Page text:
About "Environment & Nature"
News about climate change and other environmental issues and the people and organizations behind the science.
An illustration of Pleistocene-era mammals on Yukon’s tundra landscape. Thousands of fossils from this era are discovered each year, many by gold miners and members of the Vuntut Gwitchin First Nation around Old Crow. (Illustration: “Beringia Winter Scene,” courtesy Government of Yukon/artist George “Rinaldo” Teichmann)
Une illustration de mammifères de l’époque du Pléistocène dans le paysage de la toundra du Yukon. Des milliers de fossiles de cette région sont découverts chaque année, dont de nombreux par des mineurs et des membres de la Première Nation des Gwitchin Vuntut autour de Old Crow. (Illustration gracieusement fournie par le gouvernement du Yukon)
Nathalie Lasselin recently completed a 70-kilometre dive along the entire length of Montreal Island, part of her Urban Water Odyssey expedition to explore the St. Lawrence, test for pollutants and raise awareness of the critical importance of the river. Read on to see what a few of the Society’s other Fellows have been working on this year. (Photo: Nathalie Lasselin)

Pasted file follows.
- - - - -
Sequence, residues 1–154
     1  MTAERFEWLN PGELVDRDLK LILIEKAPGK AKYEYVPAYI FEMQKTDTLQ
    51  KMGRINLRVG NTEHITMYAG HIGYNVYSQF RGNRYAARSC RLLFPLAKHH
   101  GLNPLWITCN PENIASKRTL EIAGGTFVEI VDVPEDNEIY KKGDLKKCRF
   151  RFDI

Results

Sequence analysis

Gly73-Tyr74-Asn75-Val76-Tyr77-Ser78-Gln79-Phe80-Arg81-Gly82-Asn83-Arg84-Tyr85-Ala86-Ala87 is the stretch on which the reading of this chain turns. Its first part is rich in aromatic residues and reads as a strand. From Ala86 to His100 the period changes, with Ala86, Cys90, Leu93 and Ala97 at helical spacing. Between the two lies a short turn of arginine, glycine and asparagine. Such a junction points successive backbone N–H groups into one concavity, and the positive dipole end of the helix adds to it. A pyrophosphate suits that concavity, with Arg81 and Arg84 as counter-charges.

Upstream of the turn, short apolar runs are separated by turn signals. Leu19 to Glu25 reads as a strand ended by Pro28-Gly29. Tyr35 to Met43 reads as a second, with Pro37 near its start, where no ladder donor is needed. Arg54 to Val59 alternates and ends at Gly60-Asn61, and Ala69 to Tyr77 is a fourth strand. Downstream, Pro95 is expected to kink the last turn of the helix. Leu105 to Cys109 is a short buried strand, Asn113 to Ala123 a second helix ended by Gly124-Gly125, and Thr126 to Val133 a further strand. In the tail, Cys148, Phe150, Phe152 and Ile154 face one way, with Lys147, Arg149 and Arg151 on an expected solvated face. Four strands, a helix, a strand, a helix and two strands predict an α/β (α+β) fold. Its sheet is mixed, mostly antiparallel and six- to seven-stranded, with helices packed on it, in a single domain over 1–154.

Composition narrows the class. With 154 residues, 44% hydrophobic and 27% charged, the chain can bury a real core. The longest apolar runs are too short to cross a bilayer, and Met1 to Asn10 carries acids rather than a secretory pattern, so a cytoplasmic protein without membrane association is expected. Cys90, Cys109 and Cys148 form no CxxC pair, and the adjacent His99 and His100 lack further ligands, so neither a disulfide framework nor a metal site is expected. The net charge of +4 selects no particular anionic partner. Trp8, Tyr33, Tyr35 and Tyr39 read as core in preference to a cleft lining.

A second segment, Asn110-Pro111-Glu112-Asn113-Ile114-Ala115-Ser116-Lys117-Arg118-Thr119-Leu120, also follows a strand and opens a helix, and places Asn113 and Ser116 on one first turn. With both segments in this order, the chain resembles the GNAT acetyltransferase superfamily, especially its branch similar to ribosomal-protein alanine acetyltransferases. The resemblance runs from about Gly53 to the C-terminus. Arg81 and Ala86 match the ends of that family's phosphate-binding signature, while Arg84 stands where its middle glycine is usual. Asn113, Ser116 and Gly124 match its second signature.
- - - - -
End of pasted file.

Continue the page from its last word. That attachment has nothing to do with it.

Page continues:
A 1974 forest-cover map of Gatineau Park. The 361-square-kilometre protected area in southwestern Quebec is celebrating its 80th anniversary this year. (Map credit: Gatineau Park: Forest cover types / Department of the Environment , © Government of Canada. Reproduced with the permission of Library and Archives Canada (2018), e011086587.)
Adapted from the interactive Climate Atlas of Canada, this map shows the projected number of days with temperatures of 25 degrees Celsius or higher per year by the end of this century if global warming continues unchecked, with dark red representing 100+ days. Summers in southern Canada could see nearly twice as many hot-weather days as they did at the end of the last century, while Yellowknife and other places in the southern Arctic could see four times as many 25C-or-hotter days. (Map: Chris Brackley/Canadian Geographic)